What Are Agents Looking For?

By
Real Estate Broker Owner with Ryan Taylor Homes

As the managing broker for a real estate firm, I am constantly trying to develop services and support that will satisfy my current associates and attract new associates.

Recently, I have heard through the grapevine that agents are leaving their companies because of the slow market in our area. I wonder why?

For example, we have national advertising, Interent lead generation and management, a design/marketing center, in-house continuing ed and other training, satellite training, coaching and mentoring programs, online forms, prompt commission payment, low fees, an web-based "office" so agents can get forms, faxes, and other information anywhere they have a connection to the Internet.

I know all of these things are useful. I also know most good companies have systems similar to ours. Yet I've heard that agents are leaving firms left and right because of the slow market. I wonder why? If you are with a reputable firm with good services, why wouldn't you make better use of the services offered by your current company instead of switching? The new firm probably has the same stuff, or maybe even less?

Is it a "grass is always greener" scenario. Did a good recruiter catch you at a vulnerable time? I'm curious.

To my Active Rain colleagues who have switched firms in the last few months, I'd like to ask you why? What started your thinking to switch? What happened, or what was said or done, to finalize you decision? Then, how is your new firm different from you previous one?

Last, are you happy with the deicison you made? If so, why? If not, why not?

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Rainmaker
162,416
Suzanne Sands
Somerset MA Real Estate
Pavao Real Estate

Hi Kathy-

The first time I switched company's was the hardest. I basically left for a better split. This was not the best move for me, even though I was getting a higher split, the environment lacked structure and the broker was not very experienced. Now, I feel I have the balance I was looking for a higher split with access to all the tools I need to succeed!

March 31, 2007 09:01 PM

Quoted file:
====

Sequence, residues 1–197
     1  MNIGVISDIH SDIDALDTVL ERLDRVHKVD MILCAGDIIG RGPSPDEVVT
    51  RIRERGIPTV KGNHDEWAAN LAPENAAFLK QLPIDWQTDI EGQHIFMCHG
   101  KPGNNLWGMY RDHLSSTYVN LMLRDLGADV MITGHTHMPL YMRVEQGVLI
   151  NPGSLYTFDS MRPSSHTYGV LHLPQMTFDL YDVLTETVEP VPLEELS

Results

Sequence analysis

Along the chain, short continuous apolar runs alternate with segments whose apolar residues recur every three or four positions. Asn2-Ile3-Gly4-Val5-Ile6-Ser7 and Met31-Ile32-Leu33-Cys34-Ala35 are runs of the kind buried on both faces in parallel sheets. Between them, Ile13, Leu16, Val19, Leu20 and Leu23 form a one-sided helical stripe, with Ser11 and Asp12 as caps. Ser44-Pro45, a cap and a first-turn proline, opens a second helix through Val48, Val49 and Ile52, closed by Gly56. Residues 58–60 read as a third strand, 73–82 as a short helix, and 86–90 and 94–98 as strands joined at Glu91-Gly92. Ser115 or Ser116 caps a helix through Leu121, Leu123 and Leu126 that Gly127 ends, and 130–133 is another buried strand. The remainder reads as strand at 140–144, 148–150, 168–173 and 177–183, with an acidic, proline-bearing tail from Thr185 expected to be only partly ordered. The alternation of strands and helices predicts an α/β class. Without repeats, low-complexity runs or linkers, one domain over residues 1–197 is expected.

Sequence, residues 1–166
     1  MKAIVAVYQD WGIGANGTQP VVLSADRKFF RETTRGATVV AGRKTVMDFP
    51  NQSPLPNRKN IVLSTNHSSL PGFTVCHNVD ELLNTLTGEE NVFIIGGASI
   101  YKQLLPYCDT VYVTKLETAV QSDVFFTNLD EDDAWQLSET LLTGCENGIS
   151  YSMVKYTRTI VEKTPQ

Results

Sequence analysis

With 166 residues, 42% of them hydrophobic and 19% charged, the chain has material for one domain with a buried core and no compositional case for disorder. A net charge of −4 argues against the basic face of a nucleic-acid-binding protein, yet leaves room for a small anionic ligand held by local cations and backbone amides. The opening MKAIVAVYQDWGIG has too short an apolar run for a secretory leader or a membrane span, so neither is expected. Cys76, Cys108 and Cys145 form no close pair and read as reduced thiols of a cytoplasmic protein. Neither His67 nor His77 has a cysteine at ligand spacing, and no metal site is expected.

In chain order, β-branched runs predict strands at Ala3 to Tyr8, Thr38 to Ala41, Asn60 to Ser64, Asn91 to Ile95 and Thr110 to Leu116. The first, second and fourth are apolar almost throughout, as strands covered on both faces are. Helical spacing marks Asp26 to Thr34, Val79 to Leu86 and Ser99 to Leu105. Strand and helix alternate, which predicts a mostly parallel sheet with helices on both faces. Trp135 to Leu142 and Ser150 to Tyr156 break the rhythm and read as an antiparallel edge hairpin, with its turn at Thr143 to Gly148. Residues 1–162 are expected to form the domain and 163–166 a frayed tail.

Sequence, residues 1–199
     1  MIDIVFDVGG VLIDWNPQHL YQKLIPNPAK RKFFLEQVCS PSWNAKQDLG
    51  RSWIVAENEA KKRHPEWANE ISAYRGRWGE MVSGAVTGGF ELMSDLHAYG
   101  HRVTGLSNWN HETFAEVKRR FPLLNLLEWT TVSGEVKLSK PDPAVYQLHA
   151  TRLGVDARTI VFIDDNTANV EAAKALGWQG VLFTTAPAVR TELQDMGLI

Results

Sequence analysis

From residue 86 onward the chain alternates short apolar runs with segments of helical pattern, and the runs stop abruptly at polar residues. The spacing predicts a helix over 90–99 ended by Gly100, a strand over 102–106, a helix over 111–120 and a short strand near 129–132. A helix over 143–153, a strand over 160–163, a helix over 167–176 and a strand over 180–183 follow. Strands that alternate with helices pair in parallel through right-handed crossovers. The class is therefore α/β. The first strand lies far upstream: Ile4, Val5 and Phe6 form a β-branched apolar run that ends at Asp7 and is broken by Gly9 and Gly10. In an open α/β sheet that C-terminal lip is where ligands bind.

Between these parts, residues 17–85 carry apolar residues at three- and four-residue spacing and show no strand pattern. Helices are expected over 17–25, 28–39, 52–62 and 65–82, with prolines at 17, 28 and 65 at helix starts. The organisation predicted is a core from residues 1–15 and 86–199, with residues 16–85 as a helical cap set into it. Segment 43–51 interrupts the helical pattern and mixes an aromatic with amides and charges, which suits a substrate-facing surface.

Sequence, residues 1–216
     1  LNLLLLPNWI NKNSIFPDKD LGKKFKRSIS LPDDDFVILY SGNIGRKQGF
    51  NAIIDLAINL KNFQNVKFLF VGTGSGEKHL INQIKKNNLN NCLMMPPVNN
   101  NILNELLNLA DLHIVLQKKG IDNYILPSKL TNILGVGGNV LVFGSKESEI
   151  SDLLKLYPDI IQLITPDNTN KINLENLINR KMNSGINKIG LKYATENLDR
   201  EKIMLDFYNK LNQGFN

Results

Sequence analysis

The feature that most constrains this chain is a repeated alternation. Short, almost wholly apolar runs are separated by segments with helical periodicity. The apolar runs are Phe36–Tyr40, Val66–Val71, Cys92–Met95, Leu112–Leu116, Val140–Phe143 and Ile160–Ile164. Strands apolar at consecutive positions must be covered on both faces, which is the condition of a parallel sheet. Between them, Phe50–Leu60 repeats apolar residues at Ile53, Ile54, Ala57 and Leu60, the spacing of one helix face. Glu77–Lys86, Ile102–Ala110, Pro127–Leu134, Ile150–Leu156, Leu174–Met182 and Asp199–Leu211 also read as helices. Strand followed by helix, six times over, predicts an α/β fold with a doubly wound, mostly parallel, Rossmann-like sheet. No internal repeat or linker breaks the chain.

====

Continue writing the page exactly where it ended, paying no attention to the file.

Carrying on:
Anonymous #7
Anonymous
Anonymous

My personal two cents worth of opinion: after talking to other agents - sometimes a switch occurs because either the agent is changing their business, ie implement technology, different marketing, become more or less agent-centric and the company is not able to meet those new needs, or it's an accumulation of things - small things that might have accumulated (gone wrong) over time, maybe both combining to make the grass look greener elsewhere...?

March 31, 2007 09:07 PM
Rainmaker
220,020
David Edwards
Better Properties Kent
I am extremely happy with my brokerage company. It all comes down to our training calendar. The brokerage doesn't promise leads, they promise and deliver on their training. The training gives me the tools to go out into my marketplace and make it happen. In addition to training, my brokerage provides brainstorming sessions, mentors and the opportunity to be held accountable. It doesn't matter how long you have been in the business, you will always benefit from quality training. This approach also attracts the type of agent interested in learning how to build a business versus the type of agent interested in having everything handed to them. 
March 31, 2007 09:38 PM
Rainer
188,378
Laurie Manny
Long Beach CA Real Estate
One of the industry magazines did an article on this a while back.  They reported that the predominant reason Realtors changed brokerage was "for a better deal".  They went on to report that when asked what kind of a better deal they were surprised to find out that it was not money.  The predominant reason they left was because they wanted a stronger managing broker who took an active interest in managing the business and in their careers.  
April 01, 2007 02:14 AM
Rainmaker
223,559
Laurie Mindnich
Thanks for the correction, Laurie- that's very interesting.  When we used to have to deliver info to realtors (as a builder rep) or gift baskets to broker offices, or whatever, what we would always tell the builder, based on our experience, is that THE GOOD AGENTS aren't languishing in the office- they are out getting business.  My assumption was that these are the 10% doing the business (based on their sales).  They aren't reliant on training programs, or phone duty- they're past that.  I'm sure that there are people that appreciate a "warm" office environment, structured meetings, etc.- I just didn't see too many producers partaking.  Many of them had their own home office set up, and avoided the office environment altogether.
April 01, 2007 07:01 AM
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Rainer
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Kathy Vaughan

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